History of Olympia Express - Page 2

Want to talk espresso but not sure which forum? If so, this is the right one.
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Postby baldheadracing » Nov 30, 2015, 9:07 pm

Interesting story, thanks!

As for drip, Melitta Bentz patented the use of a paper filter in a drip brewer in 1908 ("On a whim, she uses nails to poke holes in the bottom of a brass cup, which she then lines using a sheet of blotting paper from her son's school notebook." http://www.melitta-group.com/en/Biograp ... 7,650.html )

Adding electricity to the drip coffeemaker was (perhaps) first patented in 1954 as the Wigomat - another company still in existence, though not the household name in North America that Melitta is (http://wigomat.de/index.html)

... but, according to Wikipedia, the first automatic drip coffee maker was made by the Bunn-o-matic company in 1963 https://en.wikipedia.org/wiki/Bunn-o-Matic_Corporation . George Bunn came up with the fluted flat-bottomed coffee filter in the 1950's http://www.bunn.com/why-bunn/innovation Bunn's patents are cited in the Bresaolo patent cited above, e.g., https://www.google.com.ar/patents/US3034417

However, like many such items, there were a succession of patents and who was "first" depends on how you define the item.

All that to say that making drip coffee machines seems to be a good business to be in - unlike espresso machine manufacturers, which seem to have almost incomprehensible histories of mergers, buyouts, and bankruptcies :shock: .

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Postby naked-portafilter » Dec 01, 2015, 2:27 am

Thanks :-). I'll do it.

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Postby forbeskm » Dec 08, 2015, 3:08 am

My 1984 Cremina. Refurbishment of seals and a descale along with a media blast of the bottom plate followed by some paint of the plate. Works as good as it did day one. Frame has a slight tweak, since I was not painting the frame I left it alone.


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Postby drgary » Jan 16, 2016, 4:48 pm

Possible Insight into Cremina 2nd Generation Design

Here's a post in my Ultimate Europiccola thread that may help explain why the talented Olympia Express founders created the second generation Cremina. I've edited that to address the Cremina only.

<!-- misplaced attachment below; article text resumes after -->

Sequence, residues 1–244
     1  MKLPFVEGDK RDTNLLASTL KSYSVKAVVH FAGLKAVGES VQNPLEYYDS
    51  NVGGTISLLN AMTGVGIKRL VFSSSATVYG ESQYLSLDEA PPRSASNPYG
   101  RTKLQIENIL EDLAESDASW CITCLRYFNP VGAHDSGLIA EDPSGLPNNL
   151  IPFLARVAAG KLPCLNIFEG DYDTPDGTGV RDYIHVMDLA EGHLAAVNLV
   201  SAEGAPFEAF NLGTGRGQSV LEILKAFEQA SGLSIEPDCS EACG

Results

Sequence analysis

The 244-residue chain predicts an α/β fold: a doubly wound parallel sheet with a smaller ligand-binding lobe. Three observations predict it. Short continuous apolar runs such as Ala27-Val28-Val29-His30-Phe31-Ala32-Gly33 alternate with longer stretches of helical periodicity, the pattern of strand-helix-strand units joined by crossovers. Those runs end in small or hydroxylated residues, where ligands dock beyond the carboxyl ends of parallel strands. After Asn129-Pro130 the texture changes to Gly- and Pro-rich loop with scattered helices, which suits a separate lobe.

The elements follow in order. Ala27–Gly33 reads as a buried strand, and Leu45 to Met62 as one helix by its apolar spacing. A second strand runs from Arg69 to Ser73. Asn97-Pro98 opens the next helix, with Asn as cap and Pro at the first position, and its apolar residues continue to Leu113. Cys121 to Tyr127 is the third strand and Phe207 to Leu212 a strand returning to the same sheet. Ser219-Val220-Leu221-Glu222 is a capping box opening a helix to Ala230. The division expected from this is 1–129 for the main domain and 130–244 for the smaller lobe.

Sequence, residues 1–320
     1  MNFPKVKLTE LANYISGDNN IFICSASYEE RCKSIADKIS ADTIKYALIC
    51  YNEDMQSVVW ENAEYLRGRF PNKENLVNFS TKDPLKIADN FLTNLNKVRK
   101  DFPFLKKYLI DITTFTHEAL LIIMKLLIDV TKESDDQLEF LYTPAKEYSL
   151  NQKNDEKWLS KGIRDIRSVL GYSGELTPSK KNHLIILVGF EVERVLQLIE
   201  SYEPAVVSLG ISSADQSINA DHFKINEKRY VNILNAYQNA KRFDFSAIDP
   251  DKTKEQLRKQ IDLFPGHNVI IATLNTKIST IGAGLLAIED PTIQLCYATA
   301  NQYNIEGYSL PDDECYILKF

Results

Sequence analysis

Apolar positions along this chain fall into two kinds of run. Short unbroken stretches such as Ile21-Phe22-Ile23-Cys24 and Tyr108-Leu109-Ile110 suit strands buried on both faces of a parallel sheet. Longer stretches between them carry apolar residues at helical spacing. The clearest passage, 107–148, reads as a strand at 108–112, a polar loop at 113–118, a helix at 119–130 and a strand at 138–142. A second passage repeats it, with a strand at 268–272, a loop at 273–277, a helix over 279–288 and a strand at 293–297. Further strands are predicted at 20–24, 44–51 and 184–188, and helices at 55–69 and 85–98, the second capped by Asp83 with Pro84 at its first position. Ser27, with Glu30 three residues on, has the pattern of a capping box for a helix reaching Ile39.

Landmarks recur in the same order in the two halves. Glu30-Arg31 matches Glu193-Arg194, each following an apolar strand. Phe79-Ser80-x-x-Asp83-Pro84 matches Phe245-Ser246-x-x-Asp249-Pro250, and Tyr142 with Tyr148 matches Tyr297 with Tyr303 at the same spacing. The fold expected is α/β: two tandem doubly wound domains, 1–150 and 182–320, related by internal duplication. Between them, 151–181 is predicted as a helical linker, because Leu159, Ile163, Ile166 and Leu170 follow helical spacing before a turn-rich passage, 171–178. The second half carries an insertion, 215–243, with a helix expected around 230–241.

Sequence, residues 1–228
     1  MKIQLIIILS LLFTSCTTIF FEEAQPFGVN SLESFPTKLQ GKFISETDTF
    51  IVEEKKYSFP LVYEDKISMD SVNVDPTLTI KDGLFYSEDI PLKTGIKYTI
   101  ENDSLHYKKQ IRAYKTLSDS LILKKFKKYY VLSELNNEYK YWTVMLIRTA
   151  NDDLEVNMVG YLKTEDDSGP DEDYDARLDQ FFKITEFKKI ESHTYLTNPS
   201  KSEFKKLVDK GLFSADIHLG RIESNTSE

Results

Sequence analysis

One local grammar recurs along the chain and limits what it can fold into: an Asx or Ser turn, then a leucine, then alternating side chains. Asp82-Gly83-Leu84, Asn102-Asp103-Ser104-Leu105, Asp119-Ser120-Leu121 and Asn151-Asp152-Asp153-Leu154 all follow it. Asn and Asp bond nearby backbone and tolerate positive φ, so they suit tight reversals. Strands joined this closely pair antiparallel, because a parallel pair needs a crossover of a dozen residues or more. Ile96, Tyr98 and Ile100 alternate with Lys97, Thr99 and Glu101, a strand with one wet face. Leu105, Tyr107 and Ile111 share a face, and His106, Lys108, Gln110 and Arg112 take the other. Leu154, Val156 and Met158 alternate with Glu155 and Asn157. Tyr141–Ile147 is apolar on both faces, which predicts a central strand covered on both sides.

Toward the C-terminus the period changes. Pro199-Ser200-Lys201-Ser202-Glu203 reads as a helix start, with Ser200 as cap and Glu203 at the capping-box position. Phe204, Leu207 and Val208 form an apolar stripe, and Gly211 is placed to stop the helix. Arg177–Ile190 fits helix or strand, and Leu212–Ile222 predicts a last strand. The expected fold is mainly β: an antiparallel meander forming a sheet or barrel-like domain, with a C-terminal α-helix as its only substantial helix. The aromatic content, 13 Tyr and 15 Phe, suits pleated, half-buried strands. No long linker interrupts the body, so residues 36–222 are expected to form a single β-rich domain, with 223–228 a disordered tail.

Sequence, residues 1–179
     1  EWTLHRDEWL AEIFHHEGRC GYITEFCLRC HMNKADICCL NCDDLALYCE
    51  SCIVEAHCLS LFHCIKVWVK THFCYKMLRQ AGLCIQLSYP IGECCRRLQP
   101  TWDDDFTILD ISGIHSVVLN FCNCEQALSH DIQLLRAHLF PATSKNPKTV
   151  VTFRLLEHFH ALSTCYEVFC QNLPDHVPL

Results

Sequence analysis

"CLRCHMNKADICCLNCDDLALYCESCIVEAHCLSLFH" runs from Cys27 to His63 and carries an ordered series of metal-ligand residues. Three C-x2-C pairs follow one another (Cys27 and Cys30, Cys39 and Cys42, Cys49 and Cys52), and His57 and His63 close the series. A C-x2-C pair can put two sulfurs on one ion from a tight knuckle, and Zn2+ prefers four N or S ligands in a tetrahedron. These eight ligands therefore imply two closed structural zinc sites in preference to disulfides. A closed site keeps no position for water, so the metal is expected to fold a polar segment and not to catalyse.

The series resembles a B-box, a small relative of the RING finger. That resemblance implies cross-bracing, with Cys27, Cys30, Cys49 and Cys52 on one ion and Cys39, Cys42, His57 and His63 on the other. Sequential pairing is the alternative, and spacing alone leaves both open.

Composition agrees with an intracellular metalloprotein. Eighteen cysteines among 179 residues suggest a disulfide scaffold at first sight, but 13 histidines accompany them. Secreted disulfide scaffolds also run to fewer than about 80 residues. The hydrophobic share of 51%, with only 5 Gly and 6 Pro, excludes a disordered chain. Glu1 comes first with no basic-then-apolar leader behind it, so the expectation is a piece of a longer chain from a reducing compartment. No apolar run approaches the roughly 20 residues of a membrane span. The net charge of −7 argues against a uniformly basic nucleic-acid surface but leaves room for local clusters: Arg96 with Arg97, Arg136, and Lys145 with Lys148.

I've been experimenting with upgrading the heating system in a 1st generation La Pavoni Europiccola to that used today. Keep in mind that those machines were only slightly modified and rebranded by Olympia Express. Experimentation can partly retrace the quest of espresso machine manufacturers to advance machine features. Adding a 1000W heating element with a PSTAT improves steaming and ease of use over the old system of 200W and 600W dual elements that are manually switched and constant venting of steam to dissipate heat. But the base of the 1st generation Europiccola now gets hot enough it's uncomfortable to touch. Most of the base won't cause burns, but still, aluminum is too good a conductor.

I believe that this is why La Pavoni switched to steel bases when it introduced its second generation of machines, including the Professional that for the first time incorporated a PSTAT and a manometer. This introduced a rust hazard, but I expect those bases run cooler, since steel is a less efficient conductor of heat.

This also may help explain why Olympia Express redesigned the Cremina to its current 2nd generation configuration of a boiler mounted to a steel base and enclosed by a case.

What I WOULD do for a good cup of coffee!

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Postby Belluca » Jul 03, 2016, 6:07 pm

incredible machines, swiss watch quality applied to espresso brewing.